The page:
All this time I was teaching full-time and running the centre for computing neural applications. I had an understanding head of department, and in any case, the university was expecting to get a royalty stream at some point. But I had not expected the development process to take so long. What was interesting was the physical effort it takes to get an idea into production."
Katrina Rolley, 36 'I could onlysee things getting worse' THEN: Fashion history lecturer on short-term contracts for eight years.
NOW: Information technology developer, Lloyds TSB Insurance.
. Why I left: "I still loved my subject but the life I was leading was draining me."
I MISS: "It was a relief to give up, but also like losing a part of myself. I miss it all the time."
TRANSFERABLE SKILLS: "My academic skills were fundamental to my getting a distinction in my MSc in IT: analysis, time management, self-sufficiency, communication."
LIFE NOW: "It is an intellectual challenge of the sort I wasn't getting in academia, because of the lack of career progression. I wanted to do research, and lecturing was the obvious place to start to develop my academic abilities and career. Initially I found it very stressful: I'd had no training and at 24 I was not much older than a lot of my students. But I felt I was learning a craft, which was a reward in itself.
In fashion history, like any small field, there are very few full or even part-time posts. While I loved my research and knew I was quite capable, I'd always felt ambivalent about having to live the job 24 hours a day to get on. I also found it difficult to earn enough money to survive. The worst period was when I was teaching at Stoke-on-Trent on Monday, Manchester on Tuesday, East London Poly on Wednesday, Leicester on Thursday and Ravensbourne on Friday. I wasn't being paid for the preparation or travelling, and at 32, with two and a half degrees, I was still signing on three times a year.
I found it all very gruelling. No real support, always going in to new places: ultimately it got boring - if it's Wednesday it must be East London Poly, and have I told that joke to this lot already? My hours were being cut, classes getting bigger, more marking. I could only see things getting worse and I could see colleagues in a similar state.
In January 1994 I was almost at the end of my MPhil and I decided to stop lecturing for a while. I did some costume work on films. In a film studio if you ask for a cappuccino you get a cappuccino; in academia you travel miles for an interview and don't even get offered a Nescafe. It sounds trivial but year in, year out, when they are relying on your commitment, you start to feel exploited.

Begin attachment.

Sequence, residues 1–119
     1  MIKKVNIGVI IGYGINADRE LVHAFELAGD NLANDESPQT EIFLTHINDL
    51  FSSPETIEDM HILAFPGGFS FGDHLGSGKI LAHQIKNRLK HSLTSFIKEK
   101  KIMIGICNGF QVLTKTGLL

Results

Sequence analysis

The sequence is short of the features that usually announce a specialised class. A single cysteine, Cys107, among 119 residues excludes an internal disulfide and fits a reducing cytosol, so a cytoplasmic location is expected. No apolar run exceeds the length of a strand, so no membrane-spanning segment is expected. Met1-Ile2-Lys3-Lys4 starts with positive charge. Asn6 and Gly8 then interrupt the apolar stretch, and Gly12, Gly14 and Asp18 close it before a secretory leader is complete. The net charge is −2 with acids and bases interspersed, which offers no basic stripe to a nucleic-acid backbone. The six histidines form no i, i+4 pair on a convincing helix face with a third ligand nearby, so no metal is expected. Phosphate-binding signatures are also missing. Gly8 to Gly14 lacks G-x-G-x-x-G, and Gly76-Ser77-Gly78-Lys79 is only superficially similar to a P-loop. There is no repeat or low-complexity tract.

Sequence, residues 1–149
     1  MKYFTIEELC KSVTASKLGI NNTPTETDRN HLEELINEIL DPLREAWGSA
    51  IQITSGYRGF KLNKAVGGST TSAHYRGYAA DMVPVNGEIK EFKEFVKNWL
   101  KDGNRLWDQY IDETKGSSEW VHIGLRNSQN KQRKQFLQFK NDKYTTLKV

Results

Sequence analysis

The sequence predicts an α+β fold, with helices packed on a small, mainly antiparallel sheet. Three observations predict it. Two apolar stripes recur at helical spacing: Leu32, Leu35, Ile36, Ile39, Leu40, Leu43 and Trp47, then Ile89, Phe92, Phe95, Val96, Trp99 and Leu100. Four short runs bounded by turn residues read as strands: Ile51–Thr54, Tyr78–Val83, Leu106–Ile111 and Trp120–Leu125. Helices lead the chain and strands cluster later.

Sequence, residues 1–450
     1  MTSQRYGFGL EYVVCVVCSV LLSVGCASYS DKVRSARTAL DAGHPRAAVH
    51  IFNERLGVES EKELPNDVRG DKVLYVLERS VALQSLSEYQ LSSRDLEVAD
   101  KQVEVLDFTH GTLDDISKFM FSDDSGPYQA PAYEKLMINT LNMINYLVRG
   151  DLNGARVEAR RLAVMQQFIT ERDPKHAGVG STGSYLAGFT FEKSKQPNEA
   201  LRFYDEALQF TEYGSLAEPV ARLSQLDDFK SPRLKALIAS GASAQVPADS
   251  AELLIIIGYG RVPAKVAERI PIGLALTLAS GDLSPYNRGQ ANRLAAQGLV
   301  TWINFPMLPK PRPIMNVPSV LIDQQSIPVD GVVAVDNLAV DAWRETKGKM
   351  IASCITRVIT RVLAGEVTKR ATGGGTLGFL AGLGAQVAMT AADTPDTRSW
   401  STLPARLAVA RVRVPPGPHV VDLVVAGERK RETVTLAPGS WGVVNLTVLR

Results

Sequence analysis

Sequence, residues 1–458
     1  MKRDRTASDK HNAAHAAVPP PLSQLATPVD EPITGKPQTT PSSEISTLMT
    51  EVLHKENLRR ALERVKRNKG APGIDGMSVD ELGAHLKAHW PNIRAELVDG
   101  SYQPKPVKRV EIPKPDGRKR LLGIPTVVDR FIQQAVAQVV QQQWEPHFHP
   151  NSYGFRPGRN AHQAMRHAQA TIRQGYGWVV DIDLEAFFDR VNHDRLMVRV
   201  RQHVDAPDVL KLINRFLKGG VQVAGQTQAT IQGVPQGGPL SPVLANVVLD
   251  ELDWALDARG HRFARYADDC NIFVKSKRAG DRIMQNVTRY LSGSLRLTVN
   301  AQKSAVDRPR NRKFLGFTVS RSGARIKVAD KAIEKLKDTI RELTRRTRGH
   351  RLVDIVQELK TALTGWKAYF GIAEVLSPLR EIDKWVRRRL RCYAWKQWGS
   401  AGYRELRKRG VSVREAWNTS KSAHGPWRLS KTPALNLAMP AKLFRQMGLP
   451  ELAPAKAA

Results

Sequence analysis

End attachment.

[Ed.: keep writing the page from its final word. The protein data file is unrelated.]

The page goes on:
I left London for Brighton because I knew my income would drop, and for a year I worked in a shop earning Pounds 110 a week and being patronised by customers. Then I heard about an arts-graduate conversion MSc in information systems at Brighton University, where I had a reasonable chance of getting a grant. Four years on, I may be starting at the bottom again but I am on more money and have infinitely better prospects."
Ardon Lyon, 65 'I'm now a gentlemanof leisure - I've got a groundsman!' THEN: Professor of philosophy, City University.
Now: Property developer.
WHY I LEFT: "Why should I spend my time on administration for someone else when I could be doing it for myself?" I MISS: "I don't miss anything."
TRANSFERABLE SKILLS: "I can think big. When I deal with banks and solicitors and so on I find myself questioning the terms: why is it done like that? And they just say: 'No one's asked that before'."
LIFE NOW: "Financially I am horrificallyin debt, but it looks as though it is all going to be OK.
I had been teaching at City University for nearly 30 years and I took early retirement when I was 50. It was quite a pragmatic decision. We were effectively 50 per cent over-staffed and I thought it would help everyone in the school. I was wrong of course, and there is no longer a full philosophy degreeat City.
There were more and more reports and assessments and the students were thinking for themselves less and less. Of course I can judge an essay in three minutes, but doing it properly takes longer.
For three years after retirement, I taught eight hours a week. It was a dramatic drop in administration, which I reckon took up a good third of my time. In my spare time I became a director of my sister's fashion business in Bournemouth. It keeps me off the streets but doesn't make any money.
But while I was helping her look for a flat I found a fantastic 1830s classical mega-gorgeous house in Somerset, an ex-hotel with 40 rooms, a coach house and stables in six acres. I borrowed a good deal of money and started doing it up. It has taken me five years and I've sold two cottages and put two apartments in the main house on the market, I need to sell these before I can start doing up the rest of it. I plan to live in part of it and keep a couple of rooms in London.
I certainly don't regret leaving. I thought I would miss City but I don't at all. When I go back everyone is feeling so gloomy."